Friday, December 2, 2016

Will Donald Trump be the Next Herbert Hoover or Even Worse?

Chris Rossini emails:

After reading your always excellent daily alert, a question popped to mind seeing this:

This is FDR war economy spending and New Deal spending all rolled into one, at the same time the economy is already running "hot."

I agree with every word of this. But my question is, are we witnessing a Herbert Hoover Part II with Trump?

After all, as Rothbard showed, Hoover was merely a mini-FDR, who set the stage for the massive government centralization of FDR. Hoover made "deals" with Big Business, much like Trump is already doing.

Are we being prepared for the next wave of socialization after Trump's actions bear their rotten fruit?

If so, the next socializer will be in a tough spot. America is no longer the golden goose that FDR was able to tear apart. It's more like a deadbeat moocher.

My response:

Mark Twain once wrote:
History never repeats itself, but the Kaleidoscopic combinations of the pictured present often seem to be constructed out of the broken fragments of antique legends.
The  Kaleidoscopic nature is what we need to focus on.

There is no question that Hoover was quite the statist and Rothbard did understand this:
In pushing through his program, Herbert Hoover created virtually all the lineaments of the New Deal; the New Deal was in fact Herbert Hoover’s creation, and historians, now removed from the partisan squabbles of the New Deal period, are increasingly coming to recognize this fact. Massive public works programs, government relief, inflation and cheap money on a grand scale, government deficits, higher taxes, government loans to shaky businesses, farm price supports, propping up of wage rates, monopolizing the oil industry and restricting production, war against the stock market and stock speculation—all these crucial facets of the New Deal program were launched con brio by President Hoover.
And the current twist of the Kaleidoscopic that has brought us Donald Trump appears to have some similar fragments to those that existed when Hoover was president. One can certainly see that Trump is likely to bring about massive public works programs (a trillion dollars to infrastructure) and greater government deficits. And Trump will certainly take a bellicose stance on international trade, which brings to mind the fact that it was Hoover who signed the horrific Smoot–Hawley Tariff Act.

But there are differences. Hoover did not get the United States involved in any major wars. I fully expect Trump to put U.S. combat forces in the Syria-Iraq region, to send reinforcements to Afghanistan and to launch an aggressive campaign to, at a minimum, destabilize the current regime in Iran.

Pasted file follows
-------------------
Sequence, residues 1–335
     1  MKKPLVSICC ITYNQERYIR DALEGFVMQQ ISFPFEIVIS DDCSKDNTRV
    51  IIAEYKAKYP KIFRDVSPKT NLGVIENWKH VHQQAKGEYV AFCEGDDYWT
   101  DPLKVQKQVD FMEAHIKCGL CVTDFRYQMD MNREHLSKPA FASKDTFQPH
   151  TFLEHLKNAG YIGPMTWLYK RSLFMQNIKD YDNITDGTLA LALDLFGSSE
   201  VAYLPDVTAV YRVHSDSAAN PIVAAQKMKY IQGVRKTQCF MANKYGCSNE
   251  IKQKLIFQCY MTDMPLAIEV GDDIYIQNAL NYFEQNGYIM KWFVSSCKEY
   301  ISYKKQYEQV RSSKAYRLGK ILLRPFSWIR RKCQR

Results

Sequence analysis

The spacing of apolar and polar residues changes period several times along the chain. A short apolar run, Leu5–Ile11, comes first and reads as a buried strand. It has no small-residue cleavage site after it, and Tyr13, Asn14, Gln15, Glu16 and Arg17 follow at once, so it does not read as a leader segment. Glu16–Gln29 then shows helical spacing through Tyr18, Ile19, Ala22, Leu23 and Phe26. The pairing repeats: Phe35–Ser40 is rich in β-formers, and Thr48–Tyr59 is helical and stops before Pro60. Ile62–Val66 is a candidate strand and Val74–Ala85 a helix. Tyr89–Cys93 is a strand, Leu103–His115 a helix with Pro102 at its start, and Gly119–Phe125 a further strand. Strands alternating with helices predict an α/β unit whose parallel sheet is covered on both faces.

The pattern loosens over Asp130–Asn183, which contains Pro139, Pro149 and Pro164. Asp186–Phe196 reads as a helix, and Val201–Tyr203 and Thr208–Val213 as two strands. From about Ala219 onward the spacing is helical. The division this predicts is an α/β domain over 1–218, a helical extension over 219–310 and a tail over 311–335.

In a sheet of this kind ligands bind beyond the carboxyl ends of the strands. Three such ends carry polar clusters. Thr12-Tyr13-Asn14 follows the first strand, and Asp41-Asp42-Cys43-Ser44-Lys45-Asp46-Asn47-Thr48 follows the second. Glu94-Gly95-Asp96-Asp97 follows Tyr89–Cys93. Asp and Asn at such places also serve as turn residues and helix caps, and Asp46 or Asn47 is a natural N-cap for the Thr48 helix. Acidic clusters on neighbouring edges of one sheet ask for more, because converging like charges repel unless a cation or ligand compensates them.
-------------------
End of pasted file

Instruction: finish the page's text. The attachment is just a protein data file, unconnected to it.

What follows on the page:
As you note, I said in the ALERT, it could be FDR war economy spending and New Deal spending all rolled into one.

Also, on the domestic front, we can certainly expect growth of the surveillance state and it is quite possible that there is a big black blob in the middle of the current Kaleidoscopic view that can be identified as Domestic Crackdown.

It is impossible, though, to know what the post-Trump world will be like. The world is much too complex to know how the various fragments of events, views and opinions will push and turn.

Currently, it appears to me that the socialists do have a great opportunity if they handle it correctly to advance their views and agenda. Trump will do many things that are likely to spark protests among the millennials who are likely to object to Trump by arguing from a socialist perspective.

The socialist vanguard, if they are shrewd, could build quite the following during the Trump presidency.

For libertarians, it is going to be tough going. Many will be attracted to Trump. He will dilute the libertarian cause. I can see it now in some of the comments to current posts here at EPJ. One by one, libertarian positions are being discarded by some to justify their support of Emperor Trump. It appears we are moving into a period of the Ronald Reagan effect on steroids.

So, if we make it past Trump with some significant semblance of our freedoms intact, the possibility is very real that the reaction to authoritarian Trump may be socialist authoritarianism.

That said, the liberty torch that Mises and Hayek made so strong that was then advanced by Rothbard has not been doused out. How much of it will shine in the immediate Trump and post-Trump period we don't know. But, as long as there is a flicker, that others might spot, of men who do understand liberty and its key role in advancing civilization, there is hope.



  1. "So, if we make it past Trump with some significant semblance of our freedoms intact, the possibility is very real that the reaction to authoritarian Trump may be socialist authoritarianism."

    This is what I fear the most, when the majority opposition to right-authoritarianism is left-authoritarianism and vice versa liberty just continues to slowly die. Libertarians need to organize and attack from all sides (like Hazlitt said in his book Man vs the Welfare State).

  2. Rothbard is the glitch in our thinking. He rejected Mises's utilitarian philosophy and the Misesian state. We [classical] liberals are supposed to capture the state from the nationalists, neocons and social democrats.